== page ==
Enlarge /. WESTMINSTER, MD – MARCH 16, 2020: Dawn Canova, clinical director of outpatient wound care at Carroll Hospital, takes samples from people to test for the coronavirus at a transit station in the hospital's parking garage. The station was inaccessible to testing and was set up to take samples from people who had spoken to their doctors and who were specifically instructed to test the novel coronavirus called COVID-19.
While the United States continues to have difficulty accelerating basic tests for COVID-19, experts from the World Health Organization stressed on Monday that countries should prioritize such tests – and that social distancing measures are not enough.
"We have a simple message for all countries: test, test, test," said WHO Director General Tedros Adhanom Ghebreyesus (aka Dr. Tedros) at a press conference on March 16.
Dr. Tedros noted that, with the rapidly increasing number of cases and deaths outside of China, many countries, including the United States, have taken so-called socially distancing measures, such as closing schools, canceling events, and working from home, urgently. While these measures can slow down the transmission and allow health systems to cope better with them, they are not enough to wipe out the pandemic, warned Dr. Tedros.
What is needed is a comprehensive approach, he said. "However, we have not identified a sufficiently urgent escalation in testing, isolation, and contact tracking that is the backbone of the response," said Dr. Tedros.
"The most effective way to prevent infection and save lives is to break the transmission chain," he continued. “And to do that, you have to test and isolate. You cannot fight a fire blindfolded. And we can't stop this pandemic if we don't know who is infected. "
The message was sharp for the United States, which has been trying to increase its testing capacity. While other countries have carried out hundreds of thousands of tests since the Hubei province broke out in January, estimates indicate that the United States has only tested about 38,000 people – a majority in recent weeks. In contrast, South Korea tested almost 20,000 people every day.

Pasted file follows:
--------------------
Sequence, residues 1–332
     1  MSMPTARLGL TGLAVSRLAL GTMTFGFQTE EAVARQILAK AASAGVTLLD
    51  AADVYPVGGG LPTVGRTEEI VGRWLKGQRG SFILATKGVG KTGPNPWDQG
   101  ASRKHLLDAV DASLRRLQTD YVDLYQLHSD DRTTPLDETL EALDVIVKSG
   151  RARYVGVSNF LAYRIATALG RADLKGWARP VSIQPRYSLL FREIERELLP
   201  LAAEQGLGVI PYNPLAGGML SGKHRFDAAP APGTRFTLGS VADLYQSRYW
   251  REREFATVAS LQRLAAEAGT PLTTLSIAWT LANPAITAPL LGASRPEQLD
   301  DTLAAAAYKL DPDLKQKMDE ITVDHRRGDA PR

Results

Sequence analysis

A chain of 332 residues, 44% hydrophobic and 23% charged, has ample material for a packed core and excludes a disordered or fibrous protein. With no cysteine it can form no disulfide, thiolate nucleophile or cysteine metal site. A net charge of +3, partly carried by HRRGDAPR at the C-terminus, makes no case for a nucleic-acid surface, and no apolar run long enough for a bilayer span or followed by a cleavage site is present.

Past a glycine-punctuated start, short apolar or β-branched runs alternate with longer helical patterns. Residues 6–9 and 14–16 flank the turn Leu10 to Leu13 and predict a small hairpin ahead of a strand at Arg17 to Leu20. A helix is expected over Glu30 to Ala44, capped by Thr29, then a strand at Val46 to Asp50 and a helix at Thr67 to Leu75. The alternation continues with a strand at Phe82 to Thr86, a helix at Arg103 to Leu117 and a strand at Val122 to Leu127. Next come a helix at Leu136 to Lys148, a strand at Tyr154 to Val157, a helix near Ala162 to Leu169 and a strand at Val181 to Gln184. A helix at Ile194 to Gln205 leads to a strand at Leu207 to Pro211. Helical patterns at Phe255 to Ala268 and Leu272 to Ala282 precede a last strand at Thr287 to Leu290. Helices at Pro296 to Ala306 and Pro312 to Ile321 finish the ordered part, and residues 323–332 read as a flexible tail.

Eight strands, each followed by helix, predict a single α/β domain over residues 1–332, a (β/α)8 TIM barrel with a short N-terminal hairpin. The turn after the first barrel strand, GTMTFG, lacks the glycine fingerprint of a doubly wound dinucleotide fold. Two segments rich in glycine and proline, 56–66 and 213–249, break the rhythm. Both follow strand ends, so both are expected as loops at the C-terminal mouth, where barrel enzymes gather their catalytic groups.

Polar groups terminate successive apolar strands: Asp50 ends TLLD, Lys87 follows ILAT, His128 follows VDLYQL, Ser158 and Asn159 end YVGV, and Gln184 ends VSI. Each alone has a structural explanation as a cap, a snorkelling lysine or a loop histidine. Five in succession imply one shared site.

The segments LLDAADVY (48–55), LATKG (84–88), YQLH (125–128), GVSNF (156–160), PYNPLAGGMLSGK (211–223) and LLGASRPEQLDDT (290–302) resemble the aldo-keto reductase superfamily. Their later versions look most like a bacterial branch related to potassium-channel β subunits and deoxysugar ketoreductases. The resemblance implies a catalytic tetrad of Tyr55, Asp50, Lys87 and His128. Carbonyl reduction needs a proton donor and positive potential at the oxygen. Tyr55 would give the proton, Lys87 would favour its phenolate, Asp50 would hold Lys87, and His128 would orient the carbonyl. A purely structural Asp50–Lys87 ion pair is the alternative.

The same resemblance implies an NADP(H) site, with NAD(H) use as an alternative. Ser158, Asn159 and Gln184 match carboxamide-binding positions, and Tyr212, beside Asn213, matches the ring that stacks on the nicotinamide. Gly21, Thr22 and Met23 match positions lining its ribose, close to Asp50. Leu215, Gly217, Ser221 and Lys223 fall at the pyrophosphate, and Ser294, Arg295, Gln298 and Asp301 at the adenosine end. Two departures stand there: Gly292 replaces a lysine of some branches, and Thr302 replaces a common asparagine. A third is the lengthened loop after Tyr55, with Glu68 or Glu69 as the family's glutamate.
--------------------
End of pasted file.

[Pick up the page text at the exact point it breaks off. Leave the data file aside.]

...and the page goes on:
In a number of press conferences over the past few days, members of the Trump administration's Coronavirus Task Force, led by Vice President Mike Pence, have announced plans to dramatically increase the country's testing capacity, including partnerships with private companies. The officials have suggested that the country will soon be able to test tens of thousands, if not hundreds of thousands, of people a week.
However, confidence in the plans was shaken by clumsy descriptions and exaggerations. This includes President Trump's announcement on Friday that Google is developing a website that will allow people across the country to determine whether they should be tested and help them set up tests in a local laboratory. The announcement surprised Google. The sister company Verily has meanwhile published such a website, but only serves people in the California Bay Area and has so far not offered any useful information or services.
While WHO experts recommend a thorough screening of suspected cases and contacts to be one step ahead of the transmission, the Trump administration has so far primarily emphasized screening people with striking symptoms who largely identify themselves as candidates for the screening. Officials also said that testing for healthcare workers and for people over 65 who had symptoms would be a priority.
"We don't want everyone to do this test. It's completely unnecessary," President Trump said in a press conference on Friday.
To date, the United States has discovered over 4,200 cases in 49 states and in the District of Columbia. This number is expected to be well below the actual number of cases due to the delayed and limited testing. 74 deaths have been reported in the United States.
There are over 181,000 cases in at least 148 countries worldwide. More than 7,000 people have died.